William Barr Won’t Recuse Himself From the Mueller Investigation. Good.

The independent streak Barr showed during his confirmation hearings will serve him well as he navigates the conclusion of the lengthy special counsel probe.
March 5, 2019
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William Barr testifies at his confirmation hearing. (Photo by Chip Somodevilla/Getty Images)

The Justice Department announced Monday evening that attorney general William Barr will not recuse himself from special counsel Robert Mueller’s investigation of Russian election meddling, following the determination of senior career ethics officials that he should not do so. Fox News further reports that while Barr will assume control of the investigation, he plans to continue to use Deputy Attorney General Rod Rosenstein, who oversaw the probe during Jeff Sessions’ tenure as attorney general, as the Justice Department’s primary liaison to Mueller’s office.

All of this should put to rest any lingering concerns congressional Democrats might have about Barr’s handling of the Mueller investigation. The judgment of DoJ ethics officials places Barr on firm ground as he prepares to brace the Department of Justice against the coming hurricane that will be the end of the probe. Further, Barr’s decision to keep Rosenstein’s role largely unchanged is a sign that he is likely to handle that storm with prudence.

During Barr’s confirmation hearings before the Senate Judiciary Committee, Democrats repeatedly tried to extract promises from Barr that he would recuse himself from the Mueller investigation if ethics officials advised him to do so. Barr repeatedly responded that he did not believe he would be asked to recuse, but also stubbornly refused to make a promise that he argued would unduly restrict the lawful powers of the position.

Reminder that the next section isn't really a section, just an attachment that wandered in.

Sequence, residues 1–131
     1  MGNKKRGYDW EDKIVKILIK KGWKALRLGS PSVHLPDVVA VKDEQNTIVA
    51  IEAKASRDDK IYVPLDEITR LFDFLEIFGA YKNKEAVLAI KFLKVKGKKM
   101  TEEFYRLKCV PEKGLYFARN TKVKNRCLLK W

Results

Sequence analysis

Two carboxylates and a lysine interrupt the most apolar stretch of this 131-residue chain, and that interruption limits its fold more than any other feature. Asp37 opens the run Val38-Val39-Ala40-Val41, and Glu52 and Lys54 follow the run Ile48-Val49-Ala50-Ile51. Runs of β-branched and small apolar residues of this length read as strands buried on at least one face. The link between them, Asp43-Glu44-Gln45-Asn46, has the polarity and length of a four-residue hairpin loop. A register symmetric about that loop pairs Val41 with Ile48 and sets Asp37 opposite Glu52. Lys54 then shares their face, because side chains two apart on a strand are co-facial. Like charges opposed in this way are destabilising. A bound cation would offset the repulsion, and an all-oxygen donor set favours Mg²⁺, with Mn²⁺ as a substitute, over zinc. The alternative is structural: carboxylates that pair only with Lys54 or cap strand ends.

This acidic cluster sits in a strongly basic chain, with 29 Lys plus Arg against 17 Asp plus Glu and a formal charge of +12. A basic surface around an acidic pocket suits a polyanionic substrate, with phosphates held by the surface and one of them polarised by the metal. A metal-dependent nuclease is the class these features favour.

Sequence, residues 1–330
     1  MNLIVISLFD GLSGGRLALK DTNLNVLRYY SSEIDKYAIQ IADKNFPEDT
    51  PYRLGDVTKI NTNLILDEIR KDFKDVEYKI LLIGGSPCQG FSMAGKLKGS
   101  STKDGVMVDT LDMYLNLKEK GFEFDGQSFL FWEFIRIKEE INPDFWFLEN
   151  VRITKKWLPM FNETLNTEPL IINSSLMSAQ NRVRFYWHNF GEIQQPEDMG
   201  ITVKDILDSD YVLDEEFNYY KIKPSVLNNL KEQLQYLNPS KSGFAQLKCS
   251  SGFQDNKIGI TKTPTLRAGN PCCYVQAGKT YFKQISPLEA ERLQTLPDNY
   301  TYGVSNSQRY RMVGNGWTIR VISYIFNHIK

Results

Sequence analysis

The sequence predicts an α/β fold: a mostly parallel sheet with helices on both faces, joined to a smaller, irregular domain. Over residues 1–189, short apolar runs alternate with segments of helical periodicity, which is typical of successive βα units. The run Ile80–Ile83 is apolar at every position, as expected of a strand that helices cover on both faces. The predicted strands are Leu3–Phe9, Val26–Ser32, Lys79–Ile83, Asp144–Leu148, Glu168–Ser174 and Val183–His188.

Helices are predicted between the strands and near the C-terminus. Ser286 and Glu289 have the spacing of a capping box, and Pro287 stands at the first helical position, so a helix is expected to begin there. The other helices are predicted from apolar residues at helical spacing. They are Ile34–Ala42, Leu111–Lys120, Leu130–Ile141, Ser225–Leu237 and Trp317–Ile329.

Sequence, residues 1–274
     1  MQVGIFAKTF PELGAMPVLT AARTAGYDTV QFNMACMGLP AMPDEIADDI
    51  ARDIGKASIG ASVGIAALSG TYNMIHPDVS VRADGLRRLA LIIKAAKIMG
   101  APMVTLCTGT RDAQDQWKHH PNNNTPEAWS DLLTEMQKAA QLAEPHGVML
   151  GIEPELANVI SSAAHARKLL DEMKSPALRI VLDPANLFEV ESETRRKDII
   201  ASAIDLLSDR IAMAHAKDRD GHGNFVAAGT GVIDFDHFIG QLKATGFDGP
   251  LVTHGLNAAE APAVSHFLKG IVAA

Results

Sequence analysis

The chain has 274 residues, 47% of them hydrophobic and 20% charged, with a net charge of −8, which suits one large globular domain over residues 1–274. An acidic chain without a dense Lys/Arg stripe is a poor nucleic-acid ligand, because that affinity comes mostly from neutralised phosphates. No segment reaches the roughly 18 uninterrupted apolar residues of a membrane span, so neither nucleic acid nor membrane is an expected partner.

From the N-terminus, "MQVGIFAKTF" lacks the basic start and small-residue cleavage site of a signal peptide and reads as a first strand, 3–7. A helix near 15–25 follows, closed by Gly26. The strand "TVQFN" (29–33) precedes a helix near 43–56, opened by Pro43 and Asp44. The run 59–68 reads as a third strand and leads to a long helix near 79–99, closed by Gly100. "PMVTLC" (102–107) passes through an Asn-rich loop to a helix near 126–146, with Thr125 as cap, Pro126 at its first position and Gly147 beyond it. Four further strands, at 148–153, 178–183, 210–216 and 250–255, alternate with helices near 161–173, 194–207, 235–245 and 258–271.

“I will seek the advice of the career ethics personnel, but under the regulations, I make the decision as to the head of the agency as to my own recusal,” he told Patrick Leahy. Later, to Mazie Hirono, he said that “I’m not going to surrender the responsibilities of the attorney general to get the title. I don’t need the title.”

At the time, Barr’s refusal to commit to following the advice of ethics officials was widely characterized as a dodge, fueling a left-wing outcry that he was a Trump stooge trying to slip by the committee. Now that his prediction that he would not be asked to recuse himself has proved accurate, however, so  his decision not to provide particular promises to Congress beyond his pledge to follow and uphold the rule of law has been vindicated. The same independent streak that kept Barr from currying favor with the committee should serve him well as he enters the administration of a president who barely bothers to hide his desire for the Justice Department to serve as his political attack dog.

It is crucial in the days ahead that Barr establish himself as a fiercely independent attorney general crucial in the days ahead, and never more so than when the Mueller report is finally submitted. As the official charged with determining how much of that report to declassify, Barr is sure to be a target of whichever party Mueller’s findings disappoint.

There remains more that Congress could do to help avoid that scenario, of course. Passing the Special Counsel Transparency Act, which Sens. Richard Blumenthal and Chuck Grassley introduced earlier this year, would ensure that Mueller’s full findings are released to Congress, further preventing anyone from accusing Barr of tampering with the results. In the meantime, however, anyone who follows the Russia probe should be reassured by Monday’s news.

Andrew Egger

Andrew Egger is a senior writer at The Bulwark.